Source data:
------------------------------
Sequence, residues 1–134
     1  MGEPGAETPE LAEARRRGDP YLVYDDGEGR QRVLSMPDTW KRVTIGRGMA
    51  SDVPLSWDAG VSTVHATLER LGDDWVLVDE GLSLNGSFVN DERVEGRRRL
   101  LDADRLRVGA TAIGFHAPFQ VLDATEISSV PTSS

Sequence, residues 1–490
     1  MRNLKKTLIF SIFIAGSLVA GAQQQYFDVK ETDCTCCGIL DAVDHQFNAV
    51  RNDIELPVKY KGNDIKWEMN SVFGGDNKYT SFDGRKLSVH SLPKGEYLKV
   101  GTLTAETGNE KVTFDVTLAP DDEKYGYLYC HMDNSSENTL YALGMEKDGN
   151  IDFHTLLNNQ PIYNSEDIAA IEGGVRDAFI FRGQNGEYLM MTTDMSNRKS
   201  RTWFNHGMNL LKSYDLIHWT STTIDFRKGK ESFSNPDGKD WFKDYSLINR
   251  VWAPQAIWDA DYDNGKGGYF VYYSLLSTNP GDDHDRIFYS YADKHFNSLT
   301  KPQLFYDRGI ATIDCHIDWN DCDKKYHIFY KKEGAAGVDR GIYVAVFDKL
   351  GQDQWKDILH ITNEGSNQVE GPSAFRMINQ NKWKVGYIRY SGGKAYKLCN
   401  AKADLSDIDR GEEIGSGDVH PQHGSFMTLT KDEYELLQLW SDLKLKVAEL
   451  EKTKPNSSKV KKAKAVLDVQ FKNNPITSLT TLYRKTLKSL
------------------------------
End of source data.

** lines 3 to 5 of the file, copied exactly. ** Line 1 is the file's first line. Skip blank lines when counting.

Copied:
    51  SDVPLSWDAG VSTVHATLER LGDDWVLVDE GLSLNGSFVN DERVEGRRRL
   101  LDADRLRVGA TAIGFHAPFQ VLDATEISSV PTSS

Sequence, residues 1–490